"Mass Man" by Derek Walcott: An Appreciation

Derek WalcottOne of the most daunting challenges for a Caribbean writer is the creation of authentic patterns of language which are grounded in the experience and lives of his culture. For the elder poets such as Walcott, Brathwaite, Guillen, and Carter, the demeaning language of colonialism which changed people into property, and which, by its etymology did not contain the horrors of slavery and the Middle Passage, had to be transformed. A new alphabet forged in the rhythms of the Caribbean landscape and life (spring and the blossoming of trumpet trees, summer and the threat of hurricanes, harvest with the smell of burning cane fields, and the dry season with poinsettias and Junkanoo) had to be created. This "nation language" had to be as protean as the Calypsos of Carnival, which provided models from which many of the writers drew their inspiration. And yet these models were insufficient because Calypsos, as a part of popular culture, did not lend themselves to the exploration of the immediate and the historical and the possibilities that this combination engenders--a trait that is common to most successful poems.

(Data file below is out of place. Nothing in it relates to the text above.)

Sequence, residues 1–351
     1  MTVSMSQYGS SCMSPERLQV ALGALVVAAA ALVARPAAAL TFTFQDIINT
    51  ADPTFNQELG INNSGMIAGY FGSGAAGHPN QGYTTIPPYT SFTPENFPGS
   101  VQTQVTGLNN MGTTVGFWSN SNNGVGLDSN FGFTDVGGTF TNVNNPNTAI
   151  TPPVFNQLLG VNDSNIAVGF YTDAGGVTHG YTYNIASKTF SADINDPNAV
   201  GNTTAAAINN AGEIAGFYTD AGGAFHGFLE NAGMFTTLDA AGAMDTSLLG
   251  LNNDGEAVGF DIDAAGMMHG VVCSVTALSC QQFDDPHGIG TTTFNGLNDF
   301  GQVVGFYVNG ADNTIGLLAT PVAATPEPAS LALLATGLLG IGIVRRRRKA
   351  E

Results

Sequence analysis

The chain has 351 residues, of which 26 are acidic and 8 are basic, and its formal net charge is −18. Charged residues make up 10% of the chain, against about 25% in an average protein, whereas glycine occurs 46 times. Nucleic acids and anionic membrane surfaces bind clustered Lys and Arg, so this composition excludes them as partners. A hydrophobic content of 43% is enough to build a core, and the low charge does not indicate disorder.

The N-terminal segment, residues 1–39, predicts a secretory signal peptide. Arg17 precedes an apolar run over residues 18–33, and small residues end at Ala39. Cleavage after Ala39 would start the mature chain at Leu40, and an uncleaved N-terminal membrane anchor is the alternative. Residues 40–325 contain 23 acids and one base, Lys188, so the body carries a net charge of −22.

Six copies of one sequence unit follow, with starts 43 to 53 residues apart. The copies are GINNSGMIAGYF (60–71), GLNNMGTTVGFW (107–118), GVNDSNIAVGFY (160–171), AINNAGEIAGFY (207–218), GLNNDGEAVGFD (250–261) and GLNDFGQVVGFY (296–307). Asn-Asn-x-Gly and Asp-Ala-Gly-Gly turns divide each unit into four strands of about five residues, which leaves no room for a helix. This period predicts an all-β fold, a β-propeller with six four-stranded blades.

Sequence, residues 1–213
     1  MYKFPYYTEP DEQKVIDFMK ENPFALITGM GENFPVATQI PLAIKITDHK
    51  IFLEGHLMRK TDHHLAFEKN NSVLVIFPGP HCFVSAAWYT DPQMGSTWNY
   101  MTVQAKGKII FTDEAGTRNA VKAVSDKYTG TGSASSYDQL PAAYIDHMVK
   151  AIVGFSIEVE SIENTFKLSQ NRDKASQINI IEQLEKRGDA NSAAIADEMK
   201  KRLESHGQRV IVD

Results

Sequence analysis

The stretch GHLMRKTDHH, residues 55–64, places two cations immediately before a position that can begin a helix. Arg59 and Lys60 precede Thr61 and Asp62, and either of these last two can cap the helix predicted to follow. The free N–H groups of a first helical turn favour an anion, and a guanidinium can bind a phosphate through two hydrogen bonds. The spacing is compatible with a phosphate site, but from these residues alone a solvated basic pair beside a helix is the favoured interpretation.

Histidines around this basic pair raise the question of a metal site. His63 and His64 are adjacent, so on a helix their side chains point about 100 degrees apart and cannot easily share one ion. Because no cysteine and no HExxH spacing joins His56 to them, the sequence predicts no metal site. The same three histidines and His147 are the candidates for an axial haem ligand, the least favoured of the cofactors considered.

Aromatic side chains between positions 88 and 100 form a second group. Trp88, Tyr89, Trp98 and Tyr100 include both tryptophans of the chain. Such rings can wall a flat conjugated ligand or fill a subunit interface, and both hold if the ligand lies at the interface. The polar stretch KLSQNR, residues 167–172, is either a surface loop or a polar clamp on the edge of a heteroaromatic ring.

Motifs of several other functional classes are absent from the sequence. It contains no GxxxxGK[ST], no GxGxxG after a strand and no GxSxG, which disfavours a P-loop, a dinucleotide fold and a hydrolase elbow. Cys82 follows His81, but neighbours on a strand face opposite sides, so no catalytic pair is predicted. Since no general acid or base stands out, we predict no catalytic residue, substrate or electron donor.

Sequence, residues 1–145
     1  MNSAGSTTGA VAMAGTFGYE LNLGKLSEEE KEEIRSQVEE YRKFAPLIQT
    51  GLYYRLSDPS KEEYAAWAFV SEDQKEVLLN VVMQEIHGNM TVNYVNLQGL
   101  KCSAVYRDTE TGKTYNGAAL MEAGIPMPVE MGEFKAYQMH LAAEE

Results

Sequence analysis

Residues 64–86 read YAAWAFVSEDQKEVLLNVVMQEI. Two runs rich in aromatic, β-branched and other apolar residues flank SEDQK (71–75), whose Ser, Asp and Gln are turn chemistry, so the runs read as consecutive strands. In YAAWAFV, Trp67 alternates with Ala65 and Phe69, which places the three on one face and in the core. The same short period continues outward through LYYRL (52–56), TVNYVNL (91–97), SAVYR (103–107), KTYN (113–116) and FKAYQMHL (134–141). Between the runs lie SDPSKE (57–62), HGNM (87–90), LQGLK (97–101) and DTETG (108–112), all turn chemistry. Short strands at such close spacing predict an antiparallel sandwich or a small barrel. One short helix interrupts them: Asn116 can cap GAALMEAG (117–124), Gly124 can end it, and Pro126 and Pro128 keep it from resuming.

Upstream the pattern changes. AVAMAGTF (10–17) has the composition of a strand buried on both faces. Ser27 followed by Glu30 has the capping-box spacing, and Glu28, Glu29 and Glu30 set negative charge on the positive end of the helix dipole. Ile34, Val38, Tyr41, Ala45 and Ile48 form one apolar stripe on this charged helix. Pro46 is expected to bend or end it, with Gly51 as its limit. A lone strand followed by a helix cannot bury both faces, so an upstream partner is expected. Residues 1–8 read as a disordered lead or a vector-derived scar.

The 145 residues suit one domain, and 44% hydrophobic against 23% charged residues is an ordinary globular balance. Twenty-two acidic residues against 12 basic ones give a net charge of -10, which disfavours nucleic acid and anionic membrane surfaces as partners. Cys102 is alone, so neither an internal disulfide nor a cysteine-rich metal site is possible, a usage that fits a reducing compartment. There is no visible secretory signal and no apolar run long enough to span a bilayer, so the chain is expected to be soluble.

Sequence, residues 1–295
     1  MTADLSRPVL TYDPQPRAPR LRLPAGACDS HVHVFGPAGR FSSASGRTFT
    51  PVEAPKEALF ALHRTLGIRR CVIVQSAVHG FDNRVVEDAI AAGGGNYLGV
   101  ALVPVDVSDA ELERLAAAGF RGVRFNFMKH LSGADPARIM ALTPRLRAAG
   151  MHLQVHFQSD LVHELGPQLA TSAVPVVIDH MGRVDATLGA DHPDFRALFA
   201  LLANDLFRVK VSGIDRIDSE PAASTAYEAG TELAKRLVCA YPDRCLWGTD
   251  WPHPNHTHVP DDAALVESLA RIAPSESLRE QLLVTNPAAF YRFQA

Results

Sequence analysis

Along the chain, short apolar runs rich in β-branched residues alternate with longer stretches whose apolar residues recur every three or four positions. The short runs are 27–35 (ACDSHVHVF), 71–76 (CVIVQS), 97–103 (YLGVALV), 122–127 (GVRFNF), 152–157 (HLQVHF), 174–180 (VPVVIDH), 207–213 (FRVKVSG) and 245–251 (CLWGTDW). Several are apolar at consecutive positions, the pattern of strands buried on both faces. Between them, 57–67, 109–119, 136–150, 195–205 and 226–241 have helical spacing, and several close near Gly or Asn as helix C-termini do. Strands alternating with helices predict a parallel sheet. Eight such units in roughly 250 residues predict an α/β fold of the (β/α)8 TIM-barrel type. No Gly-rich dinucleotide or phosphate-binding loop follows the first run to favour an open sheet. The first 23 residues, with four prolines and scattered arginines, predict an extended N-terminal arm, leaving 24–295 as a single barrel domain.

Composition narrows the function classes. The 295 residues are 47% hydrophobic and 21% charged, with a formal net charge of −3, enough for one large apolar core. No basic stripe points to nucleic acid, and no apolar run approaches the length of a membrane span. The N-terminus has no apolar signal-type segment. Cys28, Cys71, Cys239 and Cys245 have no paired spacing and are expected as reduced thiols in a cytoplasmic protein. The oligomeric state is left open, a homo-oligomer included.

Another problem that these poets faced from the lack of viable poetic models, which unlike poets such as Eliot and Pound, who saw themselves as "inheritors" of the Western canon, was an aesthetic which honored the past and acknowledged the local landscape. So, they had to create a Caribbean aesthetic. This self-consciousness also created its own dynamic. Many poets, who used the local to explore larger emblematic themes, were aware that with the history of colonialism, the very subjects they sought to elevate through poetic discourse were denigrated by the official culture. This is the dilemma that Walcott confronts in "Mass Man," where he uses the spectacle of Carnival to explore the role of the artist, who is a part of a celebration--a Creole invention that similar to his own creative process and to which he feels a certain affinity--within a culture which does not value reflection, yet which gives its participants a certain amount of dignity. This ambiguity is reflected in the diction that ranges from mock Elizabethan to Trinidadian Creole, the imagery of exotic non-Caribbean "lions" to indigenous fruit bats, and the use of Christian ritual as a metaphor for uniting these seemingly disparate elements of Caribbean life into a coherent vision.